Career Choice: Sales Representatives

Career Choice: Sales Representatives
  • Opening Intro -

    Sales people are responsible for selling goods on behalf of wholesalers or manufacturers, or may also have experience with marketing technical and scientific products.


Among the greatest sales people of the past were Dale Carnegie and John H. Patterson, with more recent sales pros including Joe Girard (automobiles), Mary Kay Ash (personal beauty) and David Ogilvy (advertising) making a name for themselves as they shaped entire industries. A sales career is not for the introverted and today’s employers usually prefer individuals with a college education.


You don’t have to have the personality of Zig Ziglar to make a sale, but you do need to understand your customers and their needs. Every successful sales representative makes a point to anticipate a customer’s needs and to explain to them what they need even before they ask.

Sales reps are also a student of the industry they work in. Although it is possible to sell across industry lines, developing contacts and networking within a certain industry is critical to every rep’s success. Representatives must intelligently respond to customer questions and discuss product specifics including prices, availability and financing terms. Knowing their competitors’ products well can be essential to winning new customers. Sales reps attend trade shows, collaborate with colleagues and maintain customer databases.


Clearly, you may not need a college degree to work as a sales rep. Indeed, Kiplinger listed manufacturing sales reps as one of its “10 Best Jobs You Can Get Without a College Degree.” Typically, such candidates possess a high school diploma and are put through a one-year training program.

For sales jobs in technical and scientific fields, higher eduction is required. Kiplinger notes that at least an associate degree is needed with some employers requiring a bachelor’s degree. Students should take courses in their chosen sales field and complete a marketing or advertising program.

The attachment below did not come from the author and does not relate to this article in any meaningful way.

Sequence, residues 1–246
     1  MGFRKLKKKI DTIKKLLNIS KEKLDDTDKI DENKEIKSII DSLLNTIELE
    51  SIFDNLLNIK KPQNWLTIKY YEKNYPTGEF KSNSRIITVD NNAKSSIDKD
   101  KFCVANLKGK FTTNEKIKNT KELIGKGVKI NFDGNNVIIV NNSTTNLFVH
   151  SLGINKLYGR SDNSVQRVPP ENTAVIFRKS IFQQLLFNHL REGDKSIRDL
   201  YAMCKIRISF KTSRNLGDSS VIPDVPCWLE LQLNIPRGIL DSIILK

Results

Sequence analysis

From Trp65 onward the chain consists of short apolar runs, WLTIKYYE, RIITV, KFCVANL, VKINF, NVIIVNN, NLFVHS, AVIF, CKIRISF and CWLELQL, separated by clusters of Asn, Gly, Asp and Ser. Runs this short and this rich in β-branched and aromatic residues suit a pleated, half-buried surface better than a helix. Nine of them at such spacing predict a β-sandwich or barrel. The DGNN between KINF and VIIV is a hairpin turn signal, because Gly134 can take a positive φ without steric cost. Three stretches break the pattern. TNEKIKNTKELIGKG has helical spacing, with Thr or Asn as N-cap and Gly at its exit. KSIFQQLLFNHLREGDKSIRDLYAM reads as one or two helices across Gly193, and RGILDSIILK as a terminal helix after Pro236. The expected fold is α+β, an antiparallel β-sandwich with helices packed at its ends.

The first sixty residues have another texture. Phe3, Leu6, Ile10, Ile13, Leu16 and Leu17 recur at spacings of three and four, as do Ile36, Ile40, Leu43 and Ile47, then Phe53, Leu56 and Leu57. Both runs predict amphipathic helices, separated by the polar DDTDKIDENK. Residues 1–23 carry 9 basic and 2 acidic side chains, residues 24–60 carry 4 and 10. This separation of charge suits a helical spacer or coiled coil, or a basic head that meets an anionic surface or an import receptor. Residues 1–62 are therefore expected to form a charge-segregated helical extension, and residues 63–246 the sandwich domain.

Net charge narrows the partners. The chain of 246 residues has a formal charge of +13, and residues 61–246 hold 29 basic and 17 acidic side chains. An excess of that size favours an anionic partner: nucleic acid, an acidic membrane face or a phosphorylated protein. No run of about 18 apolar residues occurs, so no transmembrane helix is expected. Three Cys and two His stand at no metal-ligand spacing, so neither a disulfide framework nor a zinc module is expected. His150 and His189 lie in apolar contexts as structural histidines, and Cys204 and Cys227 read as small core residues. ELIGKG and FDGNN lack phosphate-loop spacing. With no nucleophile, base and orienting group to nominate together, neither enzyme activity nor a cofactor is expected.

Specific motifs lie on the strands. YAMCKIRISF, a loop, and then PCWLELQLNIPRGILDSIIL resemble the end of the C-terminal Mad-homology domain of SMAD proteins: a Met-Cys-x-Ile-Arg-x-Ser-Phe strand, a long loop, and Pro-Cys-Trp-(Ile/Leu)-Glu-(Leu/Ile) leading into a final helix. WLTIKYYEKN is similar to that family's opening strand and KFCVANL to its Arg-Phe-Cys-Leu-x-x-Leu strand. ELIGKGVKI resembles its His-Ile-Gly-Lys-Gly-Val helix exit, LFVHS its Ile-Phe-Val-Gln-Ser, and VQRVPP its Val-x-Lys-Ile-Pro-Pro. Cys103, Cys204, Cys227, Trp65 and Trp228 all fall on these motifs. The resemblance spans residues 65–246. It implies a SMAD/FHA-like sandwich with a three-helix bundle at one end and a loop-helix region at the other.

The median wage for sales representatives was $74,970 as of 2012, up slightly from the $74,800 average for 2011. Wage information provided here is for 2011 and is supplied by the US Bureau of Labor Statistics.

Salaries for sales reps in the 10th percentile averaged $38,500 per year annually as of 2011, while those in the 25 percentile averaged $52,600 per year. For sales reps in the 75th percentile, the average wage was $106,300 per year. For the 90th percentile, that average was $146,400 per year.

As with any occupation salaries varied across the country, with wide differences from top to bottom. Sales reps in New Jersey and Wyoming topped the list, averaging $86,900 per year. In Massachusetts that salary average came in at $86,700 per year. In New York, Virginia, Connecticut and Oregon salary averages were $83,000 or more per year. On the bottom end of the spectrum, sales pros in Montana could expect to average $52,200 per year. Other states where salary averages were well below the national norm included North Dakota, Oklahoma and Maine.

Job Outlook

Star sales reps never seem to lack for work. If one door closes, an avalanche of new opportunities usually open. For everyone else, the pickings going forward look quite good with the BLS predicting a 16 percent rise in jobs from 2010 to 2020. That’s slightly ahead of the average for all jobs, but may be especially good in technical and scientific fields that continue to expand rapidly. Of course, being able to close the deal as well as Erica Feidner sells Steinway pianos can work to your advantage too.


O*Net OnLine: 41-4011.00 – Sales Representatives, Wholesale and Manufacturing, Technical and Scientific Products

US Bureau of Labor Statistics Occupational Outlook Handbook: Wholesale and Manufacturing Sales Representatives

See AlsoHow to Build a Stellar Resume From Out of College


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Categories: Career Planning